Many people have lost a family member, loved one, or friend to cancer. I know I have…4 people to be exact. It is devastating, to say the least, and leaves you feeling helpless -- but are we really?
No. There are numerous scientific studies that document the protective anti-cancer benefits of nutrient-dense plant foods (Fuhrman 7). Cancer is often unpredictable, but there have been a number of recoveries in patients who were told they didn’t have much time left to live (Fuhrman 31).
Yet many of us were never taught about our body’s nutritional needs. The standard american diet (SAD) consists of a high amount of animal products and processed foods, and a low amount of fruits and vegetables, leaving our bodies nutrient-deprived and calorie laden. This leads to cravings and eating more food more often.
The foundation for most diseases that afflict us today (including cancer) is based on milk, cheese, meat, pasta, fried foods, and sugary drinks and desserts (Fuhrman 3). Plant-derived phytochemicals are necessary to help our cells function to their fullest potential for repair, maintenance, detoxification, and free radical control. Preventing cancer is much easier than trying to cure it. It is up to each individual to improve the quality of his/her diet if we are going to win the war against cancer. But, how can we do that? Let’s take a look at some positive things we can do to assist our bodies and build a strong immune system.
- Vegetables should make up the largest part of your diet (not fruit), including raw salads and lightly steamed vegetables. Cooked mushrooms (especially shitake, maitake, morels, trumpet, porcini, enoki, oyster, and chantelelles) are a great addition to your diet, as they contain phytochemicals that have been linked to decreasing the occurrence of cancer (Fuhrman 33). Cooking green vegetables with tomatoes, garlic, scallions, and mushrooms also offers anti-cancer benefits (Fuhrman 33).
- Sprouts, especially broccoli, are concentrated sources of phytochemicals and micronutrients. Broccoli sprouts contain a very powerful isothiocyanate called sulforaphane, (learn how to grow your own sprouts here) and are a tasty addition to salads, sandwiches, and veggie roll-ups.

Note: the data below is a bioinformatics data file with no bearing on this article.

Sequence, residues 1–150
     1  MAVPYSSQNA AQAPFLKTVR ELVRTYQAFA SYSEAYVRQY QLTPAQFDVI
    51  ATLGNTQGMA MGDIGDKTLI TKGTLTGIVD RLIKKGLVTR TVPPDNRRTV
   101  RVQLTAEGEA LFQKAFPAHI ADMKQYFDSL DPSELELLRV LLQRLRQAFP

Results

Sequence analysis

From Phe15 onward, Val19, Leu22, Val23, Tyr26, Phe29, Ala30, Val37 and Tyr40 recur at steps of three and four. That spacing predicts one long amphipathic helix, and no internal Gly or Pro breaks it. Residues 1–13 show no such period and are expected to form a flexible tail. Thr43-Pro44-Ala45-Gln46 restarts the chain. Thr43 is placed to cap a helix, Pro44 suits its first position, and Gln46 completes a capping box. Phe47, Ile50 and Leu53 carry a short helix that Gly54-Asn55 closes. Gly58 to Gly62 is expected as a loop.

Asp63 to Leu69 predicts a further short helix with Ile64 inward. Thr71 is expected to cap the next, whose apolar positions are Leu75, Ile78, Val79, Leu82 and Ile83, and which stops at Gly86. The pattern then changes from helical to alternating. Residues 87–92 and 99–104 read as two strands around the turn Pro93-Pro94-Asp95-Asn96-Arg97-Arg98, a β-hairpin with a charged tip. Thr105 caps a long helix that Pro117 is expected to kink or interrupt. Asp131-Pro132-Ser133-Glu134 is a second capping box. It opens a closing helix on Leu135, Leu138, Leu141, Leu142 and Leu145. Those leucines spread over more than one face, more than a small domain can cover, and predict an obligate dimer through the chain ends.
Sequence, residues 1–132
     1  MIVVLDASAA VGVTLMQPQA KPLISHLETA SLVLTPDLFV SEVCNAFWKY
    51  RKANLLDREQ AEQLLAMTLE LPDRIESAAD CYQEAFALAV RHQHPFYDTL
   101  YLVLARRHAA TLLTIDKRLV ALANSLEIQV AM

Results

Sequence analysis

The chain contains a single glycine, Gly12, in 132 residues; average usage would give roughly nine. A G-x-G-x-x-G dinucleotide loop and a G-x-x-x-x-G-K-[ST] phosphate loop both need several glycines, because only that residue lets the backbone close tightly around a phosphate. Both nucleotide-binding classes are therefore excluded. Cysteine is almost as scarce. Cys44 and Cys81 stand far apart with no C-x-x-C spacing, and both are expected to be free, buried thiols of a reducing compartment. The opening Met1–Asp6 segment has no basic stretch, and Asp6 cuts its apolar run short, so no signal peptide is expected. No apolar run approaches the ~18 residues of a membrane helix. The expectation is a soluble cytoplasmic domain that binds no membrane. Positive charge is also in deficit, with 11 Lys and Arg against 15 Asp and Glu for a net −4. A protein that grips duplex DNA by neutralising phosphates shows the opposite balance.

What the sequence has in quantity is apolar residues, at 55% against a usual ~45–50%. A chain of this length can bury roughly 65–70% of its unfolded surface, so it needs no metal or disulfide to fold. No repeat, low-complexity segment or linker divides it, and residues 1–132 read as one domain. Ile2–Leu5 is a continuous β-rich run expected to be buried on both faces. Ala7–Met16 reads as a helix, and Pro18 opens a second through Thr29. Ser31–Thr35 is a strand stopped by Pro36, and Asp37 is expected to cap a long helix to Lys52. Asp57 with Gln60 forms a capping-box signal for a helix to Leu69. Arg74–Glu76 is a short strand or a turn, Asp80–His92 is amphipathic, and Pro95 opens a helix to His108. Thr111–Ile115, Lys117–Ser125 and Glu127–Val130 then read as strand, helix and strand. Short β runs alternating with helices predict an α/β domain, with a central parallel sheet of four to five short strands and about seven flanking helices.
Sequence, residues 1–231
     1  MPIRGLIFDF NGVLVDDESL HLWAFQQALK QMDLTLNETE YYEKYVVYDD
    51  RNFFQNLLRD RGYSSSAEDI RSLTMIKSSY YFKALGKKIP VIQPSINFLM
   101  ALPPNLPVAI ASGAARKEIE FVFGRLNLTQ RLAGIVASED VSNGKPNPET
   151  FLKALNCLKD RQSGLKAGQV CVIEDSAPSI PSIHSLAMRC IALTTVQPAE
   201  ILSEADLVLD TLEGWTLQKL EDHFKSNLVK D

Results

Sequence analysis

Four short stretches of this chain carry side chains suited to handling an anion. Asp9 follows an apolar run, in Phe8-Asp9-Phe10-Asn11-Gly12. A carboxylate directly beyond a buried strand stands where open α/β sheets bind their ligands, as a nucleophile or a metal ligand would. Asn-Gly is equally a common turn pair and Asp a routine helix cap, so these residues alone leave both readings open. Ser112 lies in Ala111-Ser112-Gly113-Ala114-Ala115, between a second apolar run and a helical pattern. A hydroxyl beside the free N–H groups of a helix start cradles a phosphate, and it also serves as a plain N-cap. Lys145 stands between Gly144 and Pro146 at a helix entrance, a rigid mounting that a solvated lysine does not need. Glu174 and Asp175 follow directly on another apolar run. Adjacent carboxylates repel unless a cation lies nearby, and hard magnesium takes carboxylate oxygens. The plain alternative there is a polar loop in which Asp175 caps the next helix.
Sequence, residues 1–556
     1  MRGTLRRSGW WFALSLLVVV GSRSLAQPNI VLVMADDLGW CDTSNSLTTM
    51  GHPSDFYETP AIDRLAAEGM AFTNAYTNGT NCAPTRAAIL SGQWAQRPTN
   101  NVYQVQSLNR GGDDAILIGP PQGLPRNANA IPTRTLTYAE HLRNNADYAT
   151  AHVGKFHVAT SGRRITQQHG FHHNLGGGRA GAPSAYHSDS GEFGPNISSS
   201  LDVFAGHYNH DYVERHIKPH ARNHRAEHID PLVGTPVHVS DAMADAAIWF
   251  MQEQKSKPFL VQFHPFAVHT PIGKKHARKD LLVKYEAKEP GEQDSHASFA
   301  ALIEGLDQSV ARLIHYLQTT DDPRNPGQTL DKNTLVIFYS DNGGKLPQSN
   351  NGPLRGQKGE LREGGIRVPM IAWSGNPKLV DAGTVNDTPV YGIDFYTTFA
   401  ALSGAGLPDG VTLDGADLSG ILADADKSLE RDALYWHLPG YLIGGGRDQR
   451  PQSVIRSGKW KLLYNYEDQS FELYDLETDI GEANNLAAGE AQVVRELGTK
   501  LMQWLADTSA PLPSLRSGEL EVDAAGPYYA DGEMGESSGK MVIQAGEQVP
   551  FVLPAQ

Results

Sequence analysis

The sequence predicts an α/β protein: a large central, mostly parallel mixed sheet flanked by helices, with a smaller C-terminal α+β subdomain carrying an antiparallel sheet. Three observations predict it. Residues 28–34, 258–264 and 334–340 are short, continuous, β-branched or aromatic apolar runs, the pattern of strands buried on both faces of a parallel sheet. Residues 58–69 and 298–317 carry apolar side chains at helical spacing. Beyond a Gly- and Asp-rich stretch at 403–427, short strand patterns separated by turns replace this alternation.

- Consume large amounts of leafy greens in your salads or as a base for chili or bean soups. Choose from spinach, romaine, kale, collards, arugula, watercress, chard, red cabbage, bok choy, and Chinese cabbage. Leafy greens and sprouts, eaten with a light nut or seed-based dressing, can increase the absorption of the micronutrients from your salad.You can also put some greens and fruit in a blender to make a green smoothie.
- Drink freshly made vegetable juice 1-2 times daily. Make it with organic carrots, beets, tomatoes, and greens such as collards, kale, cabbage, or wheat grass.
- Eat beans (especially darker, reddish colored ones) which contain resistant starch. This starch gets degraded by bacteria and forms short chain fatty acids that offer prevention against colon cancer.
- Eat fruit as your only sweet food. If you are eating the whole fruit with the skin, buy organic.
- Blueberries, strawberries, raspberries, kiwis, red and black grapes, cherries, red apples, and pomegranates have high free radical-absorptive capacity. Enjoy fruit for breakfast by adding it to a green smoothie, whipping up a sorbet (in a high powered blender), or grabbing a handful of blueberries and raspberries.
- Eat raw nuts, seeds, and avocado as your only type of fat. If you are trying to lose weight, consume 1-2 ounces of nuts/seeds and one half of an avocado per day. Nuts and seeds contain fiber, sterols, and antioxidants. Plant sterols have been found to have powerful anti-cancer effects.
A nutrient-dense diet contains many delicious foods that will keep your body satiated and healthy. The earlier you start a plant-based diet, the better, as the benefits can increase as you age. Let's get started....why wait?
Dr. Fuhrman's Group Start Program, Preventing Cancer with Diet, Chapter 11